BP - How does Buying Power work

Discussion in 'Prop Firms' started by SnoopDogg, Jan 16, 2006.

  1. I've talked with a couple Prop shops and they've basically stated that if your profitable, we'll give you as much buying power as you need. They conveniently refuse to give a precise ratio of capital contributed to buying power, so I'm a bit skeptical.

    After all, if I contributed 50K of my own money, and was given effectively 40 to 1 leverage, I could make about 100K per year tax free by investing in municipal bonds. Not sure if prop shops, who make their money on commissions, would allow this:)

    To those who trade at prop shops, how does this really work? The firms I talked with did indicate that they will give a lot more leverage intraday or on open only orders. However, if you are holding overnight or longer-term positions, the amount of leverage one can get is a lot more limited.

    Just wanted to get the perspectives, positive and negative, from those who have been there, don that, at prop shops.
  2. BP is greatly reduced for overnights, as the risk increases dramatically. I am sure this is very similar for most firms (I think 4:1 overnight is normal)
    BP intraday isnt that important if you ARENT a profitable trader (as this can be a liability if you dont know what you are doing). If you are a profitable trader and you do put up 50k of your own money, I am sure you will get more than enough BP. More than you'll probably need for intraday trading.

  3. Maverick74


    You can't buy municipal bonds on margin. You have to pay cash for them. So cross that idea off. And even if you could buy them on margin, there is a thing called cost of carry. In other words, you would have to pay about 5.5% to make about 5% on the municipal bonds. In other words, you are locking in a loss.
    Shit, if I could borrow money interest free to buy fixed income products, I would borrow a billion dollars from my firm and buy Treasuries! Oh, if it were only that easy.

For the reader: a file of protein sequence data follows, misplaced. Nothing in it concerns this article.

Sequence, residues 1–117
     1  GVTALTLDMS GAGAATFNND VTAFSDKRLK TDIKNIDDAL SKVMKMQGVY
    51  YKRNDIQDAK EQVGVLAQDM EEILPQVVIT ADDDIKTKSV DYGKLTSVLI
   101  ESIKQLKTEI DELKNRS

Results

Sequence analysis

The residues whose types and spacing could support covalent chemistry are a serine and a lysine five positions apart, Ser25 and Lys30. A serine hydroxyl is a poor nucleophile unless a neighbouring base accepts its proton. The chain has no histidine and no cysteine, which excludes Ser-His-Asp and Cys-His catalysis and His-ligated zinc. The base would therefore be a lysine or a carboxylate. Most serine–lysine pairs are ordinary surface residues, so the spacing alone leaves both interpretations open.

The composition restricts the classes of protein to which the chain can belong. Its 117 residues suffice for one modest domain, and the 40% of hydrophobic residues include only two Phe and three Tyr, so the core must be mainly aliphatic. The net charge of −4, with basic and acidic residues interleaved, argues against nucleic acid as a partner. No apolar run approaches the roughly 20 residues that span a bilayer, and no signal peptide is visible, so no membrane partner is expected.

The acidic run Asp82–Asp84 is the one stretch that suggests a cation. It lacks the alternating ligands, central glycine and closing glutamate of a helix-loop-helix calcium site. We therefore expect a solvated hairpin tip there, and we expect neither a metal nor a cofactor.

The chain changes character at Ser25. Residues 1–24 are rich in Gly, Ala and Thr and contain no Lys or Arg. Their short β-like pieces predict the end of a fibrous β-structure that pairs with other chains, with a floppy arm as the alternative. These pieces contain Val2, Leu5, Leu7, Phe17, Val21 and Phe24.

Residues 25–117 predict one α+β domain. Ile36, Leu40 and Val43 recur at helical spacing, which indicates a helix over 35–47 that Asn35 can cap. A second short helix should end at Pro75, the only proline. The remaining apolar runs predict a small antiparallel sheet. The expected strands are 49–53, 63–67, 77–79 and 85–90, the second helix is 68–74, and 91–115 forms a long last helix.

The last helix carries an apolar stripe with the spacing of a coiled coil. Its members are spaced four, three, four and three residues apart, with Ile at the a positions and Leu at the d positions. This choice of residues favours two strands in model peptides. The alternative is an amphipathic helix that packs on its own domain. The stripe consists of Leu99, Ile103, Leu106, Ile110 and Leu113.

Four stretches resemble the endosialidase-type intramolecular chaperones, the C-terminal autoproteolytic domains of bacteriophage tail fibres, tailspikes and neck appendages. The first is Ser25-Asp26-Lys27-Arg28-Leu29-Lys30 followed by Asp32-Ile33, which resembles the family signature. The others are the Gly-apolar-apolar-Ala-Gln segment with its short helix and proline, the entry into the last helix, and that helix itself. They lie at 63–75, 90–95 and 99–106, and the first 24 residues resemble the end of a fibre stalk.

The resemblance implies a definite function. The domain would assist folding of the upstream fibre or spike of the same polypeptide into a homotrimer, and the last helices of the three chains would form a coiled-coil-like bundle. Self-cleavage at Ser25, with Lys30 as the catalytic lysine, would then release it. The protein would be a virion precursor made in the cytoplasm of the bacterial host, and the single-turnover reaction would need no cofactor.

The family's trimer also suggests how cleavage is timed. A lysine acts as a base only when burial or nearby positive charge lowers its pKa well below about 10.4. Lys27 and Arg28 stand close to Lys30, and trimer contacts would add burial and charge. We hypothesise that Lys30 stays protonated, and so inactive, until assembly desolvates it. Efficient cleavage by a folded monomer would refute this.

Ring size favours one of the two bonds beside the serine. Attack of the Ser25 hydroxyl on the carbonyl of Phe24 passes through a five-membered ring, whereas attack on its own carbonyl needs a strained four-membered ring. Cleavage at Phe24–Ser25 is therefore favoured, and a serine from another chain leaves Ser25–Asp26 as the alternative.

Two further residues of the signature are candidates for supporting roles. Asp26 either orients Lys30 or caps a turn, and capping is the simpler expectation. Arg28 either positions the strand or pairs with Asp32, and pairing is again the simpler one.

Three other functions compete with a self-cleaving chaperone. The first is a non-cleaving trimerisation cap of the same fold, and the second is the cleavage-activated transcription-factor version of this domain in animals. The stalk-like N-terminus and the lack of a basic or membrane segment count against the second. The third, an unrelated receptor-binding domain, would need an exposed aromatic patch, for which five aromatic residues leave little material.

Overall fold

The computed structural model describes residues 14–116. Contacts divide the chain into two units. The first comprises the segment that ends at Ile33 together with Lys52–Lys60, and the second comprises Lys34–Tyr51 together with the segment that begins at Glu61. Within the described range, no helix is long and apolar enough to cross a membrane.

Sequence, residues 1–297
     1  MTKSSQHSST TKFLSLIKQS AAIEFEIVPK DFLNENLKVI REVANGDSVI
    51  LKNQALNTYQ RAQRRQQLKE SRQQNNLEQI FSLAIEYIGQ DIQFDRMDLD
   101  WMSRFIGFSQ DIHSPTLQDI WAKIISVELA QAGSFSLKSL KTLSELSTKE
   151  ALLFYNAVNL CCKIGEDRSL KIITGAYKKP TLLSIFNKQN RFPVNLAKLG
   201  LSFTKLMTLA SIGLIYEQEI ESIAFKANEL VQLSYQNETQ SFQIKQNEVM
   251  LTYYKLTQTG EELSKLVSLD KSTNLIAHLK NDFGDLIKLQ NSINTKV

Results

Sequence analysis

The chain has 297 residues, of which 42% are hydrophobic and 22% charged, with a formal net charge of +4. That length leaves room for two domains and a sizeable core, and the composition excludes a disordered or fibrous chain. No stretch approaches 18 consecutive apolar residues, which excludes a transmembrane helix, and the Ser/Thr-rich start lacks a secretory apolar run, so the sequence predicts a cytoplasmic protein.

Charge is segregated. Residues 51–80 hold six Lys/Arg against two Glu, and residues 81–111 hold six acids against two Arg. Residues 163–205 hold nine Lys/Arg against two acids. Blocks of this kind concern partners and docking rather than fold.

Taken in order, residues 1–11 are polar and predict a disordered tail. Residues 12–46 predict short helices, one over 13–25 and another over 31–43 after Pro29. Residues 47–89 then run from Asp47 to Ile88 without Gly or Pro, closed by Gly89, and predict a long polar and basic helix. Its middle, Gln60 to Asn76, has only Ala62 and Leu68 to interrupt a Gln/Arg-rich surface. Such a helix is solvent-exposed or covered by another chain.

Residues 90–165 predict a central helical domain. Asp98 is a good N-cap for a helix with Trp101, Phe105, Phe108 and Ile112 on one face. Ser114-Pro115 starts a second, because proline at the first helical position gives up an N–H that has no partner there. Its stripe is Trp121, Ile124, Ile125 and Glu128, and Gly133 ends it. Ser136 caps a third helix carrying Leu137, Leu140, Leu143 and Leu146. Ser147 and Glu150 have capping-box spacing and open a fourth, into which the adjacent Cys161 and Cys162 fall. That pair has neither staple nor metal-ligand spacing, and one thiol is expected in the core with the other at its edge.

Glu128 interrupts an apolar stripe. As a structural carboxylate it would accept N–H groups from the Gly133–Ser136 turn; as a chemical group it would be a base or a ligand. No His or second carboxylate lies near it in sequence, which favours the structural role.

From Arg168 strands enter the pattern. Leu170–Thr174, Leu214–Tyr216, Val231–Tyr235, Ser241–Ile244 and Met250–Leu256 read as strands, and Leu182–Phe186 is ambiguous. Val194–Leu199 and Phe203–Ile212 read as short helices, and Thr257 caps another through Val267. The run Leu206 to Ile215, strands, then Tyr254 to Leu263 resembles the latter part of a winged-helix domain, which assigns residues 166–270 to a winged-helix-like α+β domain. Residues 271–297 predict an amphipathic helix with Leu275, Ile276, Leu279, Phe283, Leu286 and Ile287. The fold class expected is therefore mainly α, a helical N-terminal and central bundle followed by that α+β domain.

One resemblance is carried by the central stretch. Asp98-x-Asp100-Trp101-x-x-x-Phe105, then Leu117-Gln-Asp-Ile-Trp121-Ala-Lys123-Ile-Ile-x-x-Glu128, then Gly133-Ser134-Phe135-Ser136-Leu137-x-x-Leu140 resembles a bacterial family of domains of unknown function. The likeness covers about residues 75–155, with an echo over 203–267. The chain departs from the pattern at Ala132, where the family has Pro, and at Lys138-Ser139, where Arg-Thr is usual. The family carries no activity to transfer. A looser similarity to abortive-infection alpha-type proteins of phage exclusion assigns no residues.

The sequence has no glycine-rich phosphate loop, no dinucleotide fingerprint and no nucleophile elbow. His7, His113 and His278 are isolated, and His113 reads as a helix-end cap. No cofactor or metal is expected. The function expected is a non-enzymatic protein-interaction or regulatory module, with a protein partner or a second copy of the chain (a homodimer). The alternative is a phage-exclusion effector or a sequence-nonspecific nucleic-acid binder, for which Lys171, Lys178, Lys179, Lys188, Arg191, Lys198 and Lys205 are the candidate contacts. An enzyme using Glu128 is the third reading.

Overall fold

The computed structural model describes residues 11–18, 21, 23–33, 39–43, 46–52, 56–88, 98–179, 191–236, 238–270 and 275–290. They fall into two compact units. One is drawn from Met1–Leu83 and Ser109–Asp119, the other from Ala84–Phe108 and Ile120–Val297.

4. Cost of carry eg. margin rate is not really talked about by these prop shops. It makes sense that there has to be a cost to "rent" money, but these firms seem to obfuscate this in their sales pitch.
  5. Maverick74


    There is nothing really to hide. It's usually 50 basis points over the broker call rate. Now if a firm actually lends you their proprietary capital for a split of the profits, then you are usually paying what is called a capital charge. This is different from the cost of carry.

    I agree though most traders fail to look at this. They think that people will actually borrow them millions of dollars interest free. Why would anyone do that? This is usually one of the bigger income streams for firms earning the spread on lending capital.
  6. heavy


    Intraday margin (your "40:1") often carries little or no cost, because the firm typically isn't extended. It's the overnight positions that will usually cost you.
  7. they are talking about intraday. overnight wouldnt be more than 4 or 5 to 1.
  8. lescor


    Intraday margin is no cost. One of the firms I'm at charges fed funds +1.75% for interest on overnights and pays fed funds minus 1% for cash and short interest in your account.

    Haircut is on top of that. It varies per firm where it kicks in and how much, but it can be a lot more than the interest.

    Cost of carry is a very significant thing to consider if you do a lot of overnight positions.

  9. What does that mean: "The firm isn't extended"?
  10. heavy


    It means the firm doesn't need to borrow any money. Typically, if you add all the trader's balances up, plus whatever the firm contributes to the "pool", it would be rare for all traders to have positions at the same time, which would exceed 6:1 on the balance (6 times is usually what a clearing firm gives to a B/D prop account).
    #10     Jan 30, 2006